I was born in Mexico and lived there until I was 7 years old. Then I moved to a French-speaking region in Canada with my family, so I had to learn French in addition to everything else that comes from moving countries. There was a shift in culture and in school.

Then, about three years later, my family and I moved again, to California, so I had to learn English and readjust all over again. I have been in California ever since.

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Viridiana Martinez sees snow for the first time after moving with her family from Mexico to Canada. (Photo courtesy of Martinez)

Were there any teachers, coaches or counselors who helped you through those transitions that stand out to you?

Absolutely. I came to California when I was in fifth grade, and I had two teachers that were amazing. They always made me feel included in the classroom. They made sure that I had access to learning the language — for example, they labeled the items in the classroom for me in Spanish and English. And they explained my situation to the other students in the class so that they could understand the position I was in.

Were there other English language learners in your classes?

Not in fifth grade, but years later, when I was in middle school and high school, I did meet students who were just learning English as their second language.

Tell me about your decision to apply for Teach for America.

I heard about Teach for America during my last semester at UC Berkeley, and I thought it was a perfect step for me. I attended one of their in-person events and met multiple people who were part of the program and were able to answer my questions. I ended up applying shortly after attending the event. I chose this program because they offered great communication and support, which is exactly what I was looking for.

My goal is to become a full-time classroom teacher.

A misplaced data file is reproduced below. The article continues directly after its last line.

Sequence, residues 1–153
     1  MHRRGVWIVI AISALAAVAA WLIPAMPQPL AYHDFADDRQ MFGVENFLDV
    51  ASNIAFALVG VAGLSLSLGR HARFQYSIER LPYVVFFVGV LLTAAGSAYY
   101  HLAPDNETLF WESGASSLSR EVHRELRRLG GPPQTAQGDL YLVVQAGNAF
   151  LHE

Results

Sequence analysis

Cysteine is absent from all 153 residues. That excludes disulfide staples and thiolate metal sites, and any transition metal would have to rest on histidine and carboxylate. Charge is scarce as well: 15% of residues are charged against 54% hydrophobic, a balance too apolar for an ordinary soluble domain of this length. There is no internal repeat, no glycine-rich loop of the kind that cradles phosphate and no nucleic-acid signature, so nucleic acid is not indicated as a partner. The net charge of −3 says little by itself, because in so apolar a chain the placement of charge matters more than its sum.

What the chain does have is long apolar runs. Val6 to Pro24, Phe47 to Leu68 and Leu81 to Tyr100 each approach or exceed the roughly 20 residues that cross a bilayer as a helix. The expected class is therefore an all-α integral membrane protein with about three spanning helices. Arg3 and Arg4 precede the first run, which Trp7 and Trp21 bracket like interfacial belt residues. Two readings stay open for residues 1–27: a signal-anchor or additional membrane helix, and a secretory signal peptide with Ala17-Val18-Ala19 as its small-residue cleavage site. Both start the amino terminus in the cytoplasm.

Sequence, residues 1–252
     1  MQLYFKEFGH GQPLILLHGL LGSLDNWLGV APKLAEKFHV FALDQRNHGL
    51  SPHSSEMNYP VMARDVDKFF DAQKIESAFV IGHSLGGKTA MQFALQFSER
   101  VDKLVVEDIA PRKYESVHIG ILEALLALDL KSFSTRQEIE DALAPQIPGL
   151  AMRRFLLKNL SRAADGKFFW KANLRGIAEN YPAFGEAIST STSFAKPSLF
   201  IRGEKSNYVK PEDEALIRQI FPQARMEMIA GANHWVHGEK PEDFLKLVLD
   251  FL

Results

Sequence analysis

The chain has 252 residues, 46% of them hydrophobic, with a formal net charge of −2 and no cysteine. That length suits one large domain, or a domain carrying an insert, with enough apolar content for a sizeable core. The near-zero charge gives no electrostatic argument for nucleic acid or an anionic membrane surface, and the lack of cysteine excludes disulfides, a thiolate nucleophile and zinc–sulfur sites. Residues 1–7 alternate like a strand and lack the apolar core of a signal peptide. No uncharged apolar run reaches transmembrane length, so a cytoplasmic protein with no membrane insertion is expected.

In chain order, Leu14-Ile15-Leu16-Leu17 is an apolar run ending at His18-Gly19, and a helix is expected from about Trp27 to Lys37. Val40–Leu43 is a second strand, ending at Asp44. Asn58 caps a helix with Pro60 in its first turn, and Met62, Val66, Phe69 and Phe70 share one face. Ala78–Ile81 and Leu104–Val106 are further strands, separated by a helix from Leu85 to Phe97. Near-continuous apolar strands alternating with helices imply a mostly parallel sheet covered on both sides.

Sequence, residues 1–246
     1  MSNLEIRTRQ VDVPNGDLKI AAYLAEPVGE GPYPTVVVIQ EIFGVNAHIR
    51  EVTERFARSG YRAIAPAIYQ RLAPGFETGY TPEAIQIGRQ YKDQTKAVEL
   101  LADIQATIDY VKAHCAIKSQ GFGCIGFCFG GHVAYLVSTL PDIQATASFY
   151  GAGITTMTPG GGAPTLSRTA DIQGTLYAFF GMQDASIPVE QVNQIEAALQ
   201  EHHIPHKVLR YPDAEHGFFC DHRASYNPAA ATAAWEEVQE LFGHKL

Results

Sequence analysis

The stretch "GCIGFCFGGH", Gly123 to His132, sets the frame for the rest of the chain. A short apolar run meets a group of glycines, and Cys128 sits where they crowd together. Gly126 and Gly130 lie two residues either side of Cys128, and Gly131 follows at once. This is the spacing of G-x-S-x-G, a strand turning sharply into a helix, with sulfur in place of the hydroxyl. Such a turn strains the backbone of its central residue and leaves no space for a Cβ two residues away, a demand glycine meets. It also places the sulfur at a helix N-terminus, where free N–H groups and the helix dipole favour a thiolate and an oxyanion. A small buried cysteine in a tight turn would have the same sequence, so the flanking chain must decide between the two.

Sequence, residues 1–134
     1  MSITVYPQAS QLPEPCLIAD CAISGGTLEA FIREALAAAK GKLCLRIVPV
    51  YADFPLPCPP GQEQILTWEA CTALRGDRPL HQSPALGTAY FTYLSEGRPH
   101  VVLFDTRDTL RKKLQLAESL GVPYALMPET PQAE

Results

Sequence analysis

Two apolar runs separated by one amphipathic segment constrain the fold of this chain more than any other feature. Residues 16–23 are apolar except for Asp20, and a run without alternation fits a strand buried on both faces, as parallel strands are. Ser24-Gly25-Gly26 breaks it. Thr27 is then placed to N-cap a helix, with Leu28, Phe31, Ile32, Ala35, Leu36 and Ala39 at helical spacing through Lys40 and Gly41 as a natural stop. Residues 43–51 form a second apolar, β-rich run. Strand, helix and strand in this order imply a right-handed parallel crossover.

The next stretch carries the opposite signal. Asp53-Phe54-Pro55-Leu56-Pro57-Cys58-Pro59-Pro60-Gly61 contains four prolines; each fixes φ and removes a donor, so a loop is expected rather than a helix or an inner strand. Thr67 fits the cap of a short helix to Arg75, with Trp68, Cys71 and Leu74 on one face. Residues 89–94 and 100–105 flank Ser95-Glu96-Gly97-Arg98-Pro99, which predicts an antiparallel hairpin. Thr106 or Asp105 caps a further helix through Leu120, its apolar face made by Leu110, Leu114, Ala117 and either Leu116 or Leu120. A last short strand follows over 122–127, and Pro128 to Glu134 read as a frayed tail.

Why are you interested in teaching bilingual K-8 classes?

I am very passionate about teaching in bilingual classrooms. I [want to help students] overcome language barriers and cultural barriers. My experience moving countries twice and having to learn a new language twice has given me a lot of insight into what students go through and what I can do to help them to succeed in the classroom.

Why do you want to become a teacher?

I think that it is a very fulfilling profession. Everyone wants the next generations to excel in academics and be able to have a bright future. I want to make sure that the next generation has the right support [to succeed].

In college, during my experience [tutoring] at the elementary school, I had a student who inspired me. It wasn’t until the end of our session, but we had a little survey for them with questions about how their sessions went, whether they felt like they learned anything, that sort of thing. One of the questions was what they wanted to do when they grow up, and this particular student said that they wanted to be a tutor just like me. That just really solidified it for me.

What gives you hope about becoming a teacher?

Just having an impact on the next generation is what gives me hope. I’m excited to show them what their strengths are, help them see that they can speak on their own and that they can make a difference if they believe in themselves.

What worries you or gives you pause about becoming a teacher?

I have heard that many teachers have noticed a big setback in students’ math and reading skills since the pandemic. It was a very difficult time for both teachers and students, which unfortunately resulted in slower learning. My biggest worry is how this will actually play out in the classroom and what I can do to effectively support my students.

Why does the field need you right now?

We need more bilingual teachers. That is really important. There are so many schools that have students that are either currently trying to learn English as their second language or are bilingual. They deserve to have access to bilingual programs with bilingual teachers that can support them to excel academically. And I think that my own experiences will allow me to provide enriching bilingual classes to students.